The height of the goalkeeper is another relevant factor here. Inês Pereira, the Servette goalkeeper, is just 1.68m (5’6) which severely limits her aerial reach. Portugal’s squad lacks the profile to play the game they aim for. Ideally in a zonal marking system, you need an aggressive goalkeeper who is great at coming out and claiming crosses.
Example Three: 31st minute, left-hand side, corner | Result: Shot on goal
After exploiting the space at the near post, on their initial two corners, the Netherlands frequently targeted the weak far post area during the rest of the game.
The runner Mark Parson’s team deployed at the far post went completely unmarked on most occasions. On top of having light cover in that area, the two runners put their movements to good use to exploit the space at the back.
The second goal, although it wasn’t a failure of defending the corner directly, resulted from losing sight of the marker at the far post. Portugal did well to have three players contesting against two Dutch players for the initial contact but a failure to clear their lines and losing sight of the far post resulted in a goal.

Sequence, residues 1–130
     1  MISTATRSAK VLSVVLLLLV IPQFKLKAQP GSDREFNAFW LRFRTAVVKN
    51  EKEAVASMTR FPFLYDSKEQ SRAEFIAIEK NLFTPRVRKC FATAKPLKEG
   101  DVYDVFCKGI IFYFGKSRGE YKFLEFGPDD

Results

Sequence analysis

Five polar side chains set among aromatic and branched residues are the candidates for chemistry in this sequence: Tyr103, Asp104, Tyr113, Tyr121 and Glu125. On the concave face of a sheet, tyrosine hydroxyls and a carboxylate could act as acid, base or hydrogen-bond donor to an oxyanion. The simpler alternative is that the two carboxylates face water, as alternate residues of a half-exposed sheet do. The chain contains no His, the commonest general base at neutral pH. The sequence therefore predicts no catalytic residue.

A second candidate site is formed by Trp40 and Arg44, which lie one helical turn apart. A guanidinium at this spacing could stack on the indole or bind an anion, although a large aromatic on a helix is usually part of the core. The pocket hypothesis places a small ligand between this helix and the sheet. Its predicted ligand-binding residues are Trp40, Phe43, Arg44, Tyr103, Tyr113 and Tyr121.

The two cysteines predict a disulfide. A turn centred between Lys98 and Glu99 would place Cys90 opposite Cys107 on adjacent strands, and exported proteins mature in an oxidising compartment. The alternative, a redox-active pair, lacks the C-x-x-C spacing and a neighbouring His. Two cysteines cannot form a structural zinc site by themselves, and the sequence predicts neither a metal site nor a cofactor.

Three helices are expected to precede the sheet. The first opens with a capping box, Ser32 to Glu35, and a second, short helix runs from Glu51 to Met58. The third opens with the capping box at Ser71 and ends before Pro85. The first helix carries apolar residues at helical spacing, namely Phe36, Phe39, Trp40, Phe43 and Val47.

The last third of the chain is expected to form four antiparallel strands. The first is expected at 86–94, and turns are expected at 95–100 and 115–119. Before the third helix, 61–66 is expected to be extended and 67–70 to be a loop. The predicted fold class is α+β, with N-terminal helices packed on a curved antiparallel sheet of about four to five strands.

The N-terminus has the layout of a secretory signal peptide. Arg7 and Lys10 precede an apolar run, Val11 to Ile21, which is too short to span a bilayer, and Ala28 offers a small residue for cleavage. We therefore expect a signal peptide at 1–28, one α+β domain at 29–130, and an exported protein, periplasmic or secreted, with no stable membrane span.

There were no Dutch corners in the second half. Portugal managed to swing the pendulum again in their favour.
The thing that stood out about this Portugal side in the opening two games was their resilience. Again despite going two goals down, they recovered and once again almost played an even game in the second half, exchanging blow for blow with the defending champions and an inspiring strike from Lyon midfielder Daniëlle van de Donk to seal the game. Neto’s side accumulated 1.49 xG compared to 1.78 for the Orange Lionesses.
Game Three: vs Sweden
This game was just an exhibition of the poor defensive structure with Portugal. Four of the five goals scored in this game came from a set-piece situation (if we consider the penalty to be one). If we dig deeper, the reasons are partly the poor marking and partly the physical shortcomings.
Where the Netherlands were able to exploit the space at the far post and Portugal’s hesitancy to leave their marking scheme, Sweden’s approach highlighted how Portugal’s zonal scheme created an easy path for cutbacks to players at the edge of the box. This also highlighted deficiencies in the squad in order to play the required system.